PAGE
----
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create Oct 2015 Guy Littlefair

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create Oct 2015 Guy Littlefair

  1. 1. ENGINEERS AUSTRALIA | OCTOBER 2015 71 EDUCATION Professor Guy Littlefair is the Dean of Engineering at Deakin University in Victoria. HEADING What’s the best way to create a learning environment to benefit engineering students? When I look at engineering programs in Australia and compare them to other areas of the world, I am struck by the fact that so many of our courses are aligned more to the sciences than they are to the design disciplines. The primary function of an engineer is to design and innovate. It’s really important that we align our teaching, our undergraduate and post graduate teaching much more towards the design disciplines than to the science disciplines. The approach we have taken at Deakin is to come up with a new Bring design into engineering EDUCATION General Chair of the 2015 Australasian Association for Engineering Education (AAEE) Conference, Professor Guy Littlefair talks to Kevin Gomez about the challenges facing engineering education today.
  2. 2. ENGINEERS AUSTRALIA | OCTOBER 2015 73 EDUCATION curriculum framework. This is a design-based framework, where students, right from day one of their program, have the opportunity to get involved in collaborative industry-focused projects. The curriculum is supported by the underpinning of science and maths. I am not getting away from that being a really important feature. The primary focus is on the design projects and how the design projects can be supported by the maths and the sciences. How can we better engage engineering students and reduce dropout rates? When I look at the more traditional engineering programs, I see a curriculum which has very little to do with engineering in the first two years. If I was an 18-year-old thinking about becoming an engineer and wanted to go to university, I would expect to be dealing with engineering problems right from the very beginning. If we have an education program and an environment which really grasps the student, makes their learning exciting and relevant, then we are going to see much lower attrition rates in the future and many more successful graduates going into the industry. What do you aim to get out of the AAEE conference? I would really like to redefine engineering education. Let’s draw a line under the past and focus on the future. How are we going to educate our students? How are we going to make sure that when our students graduate, they’re ready for industry? How can we engage with industry all the way through our programs to make sure the product the universities produce is going to be of use? If we can achieve a very forward-looking universal view of what engineering education is going to look like, then we will have achieved an awful lot from the conference. What kind of support will you need from government or other institutions to make that a reality? Governments of both sides talk about the importance of engineering, the importance of innovation and the importance of providing a scaffold to make sure that Australia can be an innovative economy, an economy that’s built on smart technologies. To do that, having an independent advocate, similar to the chief scientist, who can talk about the big challenges facing Australia around engineering, around infrastructure, around manufacturing, will actually make a difference. I think that the science community in Australia has been very successful in becoming very visible. I think society at large understands the importance of science. I don’t see society at large understanding the importance and the relevance of the engineering profession. What can be done to address the declining number of students taking science and maths in high school? It is a problem. I think we need to portray engineering as a profession very much for what it is rather than for what people think it is. The connotation in Australia is that if you are an engineer, you’ve got dirty hands, you wear a blue coat, you make mundane decisions. The reality is that you probably wear a white shirt and a suit. You are making decisions that affect not just those around you, but society at large. If we can portray engineering for what it is, I think that will assure parents that engineering is a good path to follow. That should impact on school students. The Centre for Advanced Design in Engineering Training at Deakin University offers future-focused facilities.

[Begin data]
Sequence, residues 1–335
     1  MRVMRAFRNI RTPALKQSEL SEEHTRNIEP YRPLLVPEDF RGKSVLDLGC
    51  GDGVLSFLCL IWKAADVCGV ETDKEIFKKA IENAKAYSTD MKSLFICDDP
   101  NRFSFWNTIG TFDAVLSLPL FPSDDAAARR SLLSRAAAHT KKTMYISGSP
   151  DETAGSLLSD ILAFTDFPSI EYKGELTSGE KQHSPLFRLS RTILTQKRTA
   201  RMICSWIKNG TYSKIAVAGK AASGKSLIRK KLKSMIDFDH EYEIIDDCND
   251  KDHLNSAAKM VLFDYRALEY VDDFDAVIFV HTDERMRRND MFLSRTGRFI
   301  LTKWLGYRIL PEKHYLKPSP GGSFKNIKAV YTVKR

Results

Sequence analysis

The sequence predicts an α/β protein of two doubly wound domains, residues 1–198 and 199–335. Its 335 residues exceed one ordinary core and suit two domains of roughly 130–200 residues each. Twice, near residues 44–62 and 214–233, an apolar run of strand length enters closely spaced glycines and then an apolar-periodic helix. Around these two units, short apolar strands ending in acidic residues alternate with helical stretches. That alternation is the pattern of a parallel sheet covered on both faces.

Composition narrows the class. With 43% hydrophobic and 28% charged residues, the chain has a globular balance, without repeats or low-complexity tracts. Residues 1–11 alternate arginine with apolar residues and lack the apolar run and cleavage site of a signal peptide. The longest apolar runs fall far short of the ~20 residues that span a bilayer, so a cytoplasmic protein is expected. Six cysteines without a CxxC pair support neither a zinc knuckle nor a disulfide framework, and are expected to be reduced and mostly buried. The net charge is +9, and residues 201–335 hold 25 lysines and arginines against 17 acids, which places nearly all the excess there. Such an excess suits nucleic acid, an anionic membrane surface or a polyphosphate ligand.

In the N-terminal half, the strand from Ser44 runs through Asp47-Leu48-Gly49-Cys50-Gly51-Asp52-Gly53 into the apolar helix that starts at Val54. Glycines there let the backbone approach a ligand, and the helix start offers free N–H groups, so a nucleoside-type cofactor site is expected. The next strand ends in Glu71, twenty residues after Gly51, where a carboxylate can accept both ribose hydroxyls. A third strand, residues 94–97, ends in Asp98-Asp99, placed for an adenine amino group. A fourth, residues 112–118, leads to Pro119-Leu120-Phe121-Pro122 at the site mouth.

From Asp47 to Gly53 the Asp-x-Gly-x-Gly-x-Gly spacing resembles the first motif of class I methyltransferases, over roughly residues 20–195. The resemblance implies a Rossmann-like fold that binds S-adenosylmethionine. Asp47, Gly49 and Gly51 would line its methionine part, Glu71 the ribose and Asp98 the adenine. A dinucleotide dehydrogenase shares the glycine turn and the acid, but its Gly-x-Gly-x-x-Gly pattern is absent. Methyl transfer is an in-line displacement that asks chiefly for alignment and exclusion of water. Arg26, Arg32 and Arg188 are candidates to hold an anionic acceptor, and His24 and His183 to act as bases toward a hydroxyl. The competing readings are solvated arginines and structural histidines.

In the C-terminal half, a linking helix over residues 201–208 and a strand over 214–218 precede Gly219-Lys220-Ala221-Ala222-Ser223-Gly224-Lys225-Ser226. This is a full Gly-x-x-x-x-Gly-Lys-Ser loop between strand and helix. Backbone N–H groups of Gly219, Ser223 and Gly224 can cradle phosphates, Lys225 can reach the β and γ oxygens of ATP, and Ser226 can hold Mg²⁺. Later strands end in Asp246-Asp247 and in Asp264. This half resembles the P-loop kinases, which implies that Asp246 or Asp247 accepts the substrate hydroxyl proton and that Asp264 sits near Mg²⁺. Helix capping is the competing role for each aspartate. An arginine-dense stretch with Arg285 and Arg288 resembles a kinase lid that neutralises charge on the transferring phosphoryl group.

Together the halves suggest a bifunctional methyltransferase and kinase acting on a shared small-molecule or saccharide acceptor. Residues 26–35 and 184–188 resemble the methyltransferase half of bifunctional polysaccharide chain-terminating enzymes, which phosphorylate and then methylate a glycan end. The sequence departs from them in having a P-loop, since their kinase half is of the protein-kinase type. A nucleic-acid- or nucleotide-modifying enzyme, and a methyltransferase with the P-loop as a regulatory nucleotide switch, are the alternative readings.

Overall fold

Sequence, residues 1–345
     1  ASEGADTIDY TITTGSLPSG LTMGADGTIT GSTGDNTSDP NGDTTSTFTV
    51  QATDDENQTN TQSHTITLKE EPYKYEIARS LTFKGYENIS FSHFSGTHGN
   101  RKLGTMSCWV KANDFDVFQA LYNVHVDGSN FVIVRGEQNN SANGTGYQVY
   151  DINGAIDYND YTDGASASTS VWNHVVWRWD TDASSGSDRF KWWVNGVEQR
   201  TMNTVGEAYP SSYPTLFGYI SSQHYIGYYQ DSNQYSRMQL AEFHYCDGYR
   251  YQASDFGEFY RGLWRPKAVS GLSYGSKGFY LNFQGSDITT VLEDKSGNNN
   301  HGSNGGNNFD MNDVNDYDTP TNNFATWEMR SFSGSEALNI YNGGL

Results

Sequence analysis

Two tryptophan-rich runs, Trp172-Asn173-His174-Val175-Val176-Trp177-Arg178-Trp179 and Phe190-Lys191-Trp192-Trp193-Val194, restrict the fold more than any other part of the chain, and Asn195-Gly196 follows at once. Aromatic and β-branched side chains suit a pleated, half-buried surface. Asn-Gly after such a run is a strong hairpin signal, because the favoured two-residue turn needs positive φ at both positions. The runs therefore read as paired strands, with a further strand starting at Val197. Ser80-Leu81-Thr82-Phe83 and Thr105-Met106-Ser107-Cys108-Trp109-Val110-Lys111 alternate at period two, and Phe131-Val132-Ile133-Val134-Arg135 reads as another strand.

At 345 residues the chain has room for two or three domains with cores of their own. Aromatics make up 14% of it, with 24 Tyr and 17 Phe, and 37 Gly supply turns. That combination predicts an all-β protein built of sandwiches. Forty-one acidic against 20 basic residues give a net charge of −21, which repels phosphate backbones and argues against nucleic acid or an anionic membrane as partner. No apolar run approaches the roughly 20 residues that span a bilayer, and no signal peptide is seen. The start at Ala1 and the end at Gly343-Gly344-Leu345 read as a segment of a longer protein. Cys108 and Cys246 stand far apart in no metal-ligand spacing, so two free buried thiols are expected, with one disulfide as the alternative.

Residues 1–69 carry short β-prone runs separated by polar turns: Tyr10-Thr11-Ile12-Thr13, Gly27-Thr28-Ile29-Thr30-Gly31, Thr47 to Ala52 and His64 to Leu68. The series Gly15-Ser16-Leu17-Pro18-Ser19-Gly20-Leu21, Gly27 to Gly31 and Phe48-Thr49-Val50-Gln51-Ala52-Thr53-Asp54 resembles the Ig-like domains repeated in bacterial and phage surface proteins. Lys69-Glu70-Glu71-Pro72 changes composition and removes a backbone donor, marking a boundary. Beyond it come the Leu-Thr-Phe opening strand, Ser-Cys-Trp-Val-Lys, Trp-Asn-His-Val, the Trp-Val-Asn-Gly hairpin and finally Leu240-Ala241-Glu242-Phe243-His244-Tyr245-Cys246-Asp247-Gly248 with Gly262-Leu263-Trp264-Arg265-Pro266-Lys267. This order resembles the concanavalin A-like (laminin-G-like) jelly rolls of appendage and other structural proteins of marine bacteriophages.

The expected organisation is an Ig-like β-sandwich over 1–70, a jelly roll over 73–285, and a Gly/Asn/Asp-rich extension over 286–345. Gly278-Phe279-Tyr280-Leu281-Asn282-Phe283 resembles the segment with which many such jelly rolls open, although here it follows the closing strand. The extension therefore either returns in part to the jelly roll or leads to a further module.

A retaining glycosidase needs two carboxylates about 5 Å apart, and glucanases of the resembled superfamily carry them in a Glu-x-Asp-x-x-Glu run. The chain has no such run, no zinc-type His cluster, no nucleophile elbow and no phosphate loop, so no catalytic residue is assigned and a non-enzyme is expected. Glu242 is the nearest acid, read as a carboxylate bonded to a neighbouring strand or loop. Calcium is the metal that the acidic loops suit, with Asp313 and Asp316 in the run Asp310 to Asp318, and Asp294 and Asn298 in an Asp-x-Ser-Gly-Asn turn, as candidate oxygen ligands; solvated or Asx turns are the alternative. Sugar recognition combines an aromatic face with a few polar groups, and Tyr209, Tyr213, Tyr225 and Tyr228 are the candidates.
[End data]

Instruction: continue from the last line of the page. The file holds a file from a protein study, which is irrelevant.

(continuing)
3. 3. EDUCATION The other thing that we are doing at Deakin is trying to engage with the students in primary and in high school. We are supporting the F1 in Schools challenge. [F1 in Schools is an international competition for children aged 11 to 16 years. Groups of students have to design and manufacture a miniature car out of the official F1 Model Block using CAD/CAM tools.] We are the Victorian hub for that and using our new building as an environment to assist high school teachers in delivering on some of the sciences. We’ve devised some specific primary and high school programs where students experience what a modern university is like. If we concentrate more and more on the primary end of things then there is good hope for the future that you can have a good amount of students who will come into tertiary education through the maths and sciences and engineering route. What can we learn from leading universities overseas? In the US there are some real standouts. Olin College comes to my mind where they’ve really done away with the traditional lecturer – it’s much more student-based education. The staff act as facilitators. They guide the students through their learning. In the UK, Coventry University has a similar model. Another new university in the UK is The JCB Academy, which focuses on design and engineering. James Dyson in the UK has been very vocal about how engineers and designers need to come together much more closely. There are things happening across the world. To some extent we are a little bit stuck in the past in Australia. It reminds me of New Zealand, where I spent six years before coming to Australia. In New Zealand, the focus is export, it’s all about the external environment. I compare that to Australia and there seems to be much more of a focus on the internal market. It’s almost a closed domestic view of the world. I think that that also transposes across into the engineering education sphere. We concentrate too much on the past. We concentrate too much on producing students for our own local industries rather than having that global view of the world. Trying to educate students who become graduates who can go and support industries not only in Australia, but right across the world. The boom in the resources industry has certainly driven up interest in civil engineering over the past few years. However, advanced manufacturing has been in a bit of a decline and numbers in mechanical engineering are probably down across the sector, although this year they so do seem to have bucked the trend and have moved up slightly. When we look towards advanced manufacturing driving a smarts-based economy, we need to be careful that we are producing the right type of graduates who will fill those jobs in the future. Let’s draw a line under the past and focus on the future. CADET provides students with access to high- end equipment including rapid prototyping and 3D modelling.